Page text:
Inspector Paul Hinrich Matthias Foelsche was an enthusiastic amateur, who began to work in the field of photography shortly after his appointment as founding Inspector of Police for the Northern Territory in 1870. Foelsche's photographic practice spanned the last three decades of the nineteenth century, the period of focus of this thesis. His first tentative views of the temporary buildings of the Port Darwin settlement were made with a simple quarter-plate camera that used the latest reproducible method known as collodion or wet-plate photography, which instantly revolutionised the way exploration and surveying were visually recorded. Foelsche began using a whole-plate camera in 1873, and assumed the role of the colony's official photographer when asked to supply views of the newly established settlement for display at Melbourne's 1875 Intercolonial Exhibition. A subsequent government request for Aboriginal portraits for the Paris Exposition Universelle of 1878 introduced him to ethnographic photography, a purpose that became aligned with his wider interest in the prevailing scientific propositions surrounding the origins of humankind. Foelsche was occasionally invited to publish his findings on the North Australian Aborigines and, although he was not a scientist, he is more fittingly portrayed as a field collector, and an informant on the Northern Territory and its first inhabitants. By the early 1880s, Foelsche had separated his negatives into two distinct photographic purposes that were the raisons d' etre behind his photography - one that encompasses views of the developing urban landscape and scenery for international exhibitions, and a second undertaking that has become an important collection of ethnographic portraits of North Australian Aborigines. The combined significance of these intersecting projects constitutes his contribution to Australia's photography. One of the historiographic problems of the thesis has been to arrive at a just and fair assessment of Paul Foelsche, not only as a photographer, but also as a public servant. There is no doubt that Foelsche worked under equivocal and onerous circumstances, and within a very rudimentary legal system. The fact that over various parts of his career he was both the Inspector of Police and a magistrate certainly compromised his independence. His primary relationship with Aboriginal people was as a policeman, and his handling of frontier conflict remains a controversial aspect of the Northern Territory's early history. His role as a senior policeman presented opportunities for his photography, which would not have existed had he not occupied that position. Although there is no record of Foelsche directly participating in the violence, Foelsche's photographs of peaceful Aborigines sit uncomfortably with the sanctioned reprisals that took place against some of the Aboriginal peoples he was photographing. Foelsche, who was among the original Northern Territory pioneers, was first remembered as an intelligent and effective police official, however with the developing interest in frontier history in recent years he has been increasingly associated with the region's record of frontier conflict. His contributions with a camera and as a collector by comparison, have been largely overlooked. While his scientific collecting is deserving of attention, this thesis focuses on the figure of Foelsche as a photographer. Beyond its inherent geographic and ethnographic value, I will argue that his entire photographic opus presents a unique record of British colonisation of Australia's Northern Territory. The technical and creative quality of Foelsche's work has been underestimated and this thesis argues a place for him amongst the foremost Australian colonial photographers.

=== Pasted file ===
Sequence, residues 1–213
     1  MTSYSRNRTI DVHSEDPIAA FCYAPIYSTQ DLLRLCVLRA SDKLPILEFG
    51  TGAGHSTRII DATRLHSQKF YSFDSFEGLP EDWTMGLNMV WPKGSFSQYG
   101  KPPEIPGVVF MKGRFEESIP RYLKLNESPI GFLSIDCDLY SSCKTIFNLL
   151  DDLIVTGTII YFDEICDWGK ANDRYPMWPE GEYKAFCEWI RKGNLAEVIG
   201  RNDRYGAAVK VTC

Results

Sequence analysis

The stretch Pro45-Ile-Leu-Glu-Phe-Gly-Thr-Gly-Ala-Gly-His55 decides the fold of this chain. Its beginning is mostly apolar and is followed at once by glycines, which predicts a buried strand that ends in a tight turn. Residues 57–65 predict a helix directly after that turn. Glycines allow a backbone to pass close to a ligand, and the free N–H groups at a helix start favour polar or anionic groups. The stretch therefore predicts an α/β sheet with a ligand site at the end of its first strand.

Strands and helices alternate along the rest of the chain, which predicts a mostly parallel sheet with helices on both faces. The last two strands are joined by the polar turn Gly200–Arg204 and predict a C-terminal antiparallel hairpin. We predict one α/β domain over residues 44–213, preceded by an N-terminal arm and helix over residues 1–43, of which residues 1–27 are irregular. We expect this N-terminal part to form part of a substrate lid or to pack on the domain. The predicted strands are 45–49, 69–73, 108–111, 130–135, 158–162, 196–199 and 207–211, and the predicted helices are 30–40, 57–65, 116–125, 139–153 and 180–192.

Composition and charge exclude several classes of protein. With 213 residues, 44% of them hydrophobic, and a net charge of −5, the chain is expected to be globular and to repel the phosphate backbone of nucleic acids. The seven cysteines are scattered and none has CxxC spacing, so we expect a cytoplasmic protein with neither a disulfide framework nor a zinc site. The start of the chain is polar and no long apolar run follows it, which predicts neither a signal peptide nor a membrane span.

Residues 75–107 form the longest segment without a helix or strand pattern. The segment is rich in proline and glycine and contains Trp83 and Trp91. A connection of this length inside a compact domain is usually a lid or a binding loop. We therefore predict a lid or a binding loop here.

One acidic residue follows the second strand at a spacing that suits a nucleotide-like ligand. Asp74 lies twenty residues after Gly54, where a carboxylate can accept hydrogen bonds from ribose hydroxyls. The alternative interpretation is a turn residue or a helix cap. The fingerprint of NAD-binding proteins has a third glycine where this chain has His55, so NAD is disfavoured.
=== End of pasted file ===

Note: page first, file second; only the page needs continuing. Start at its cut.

Film and history: the representation of history in recent Australian film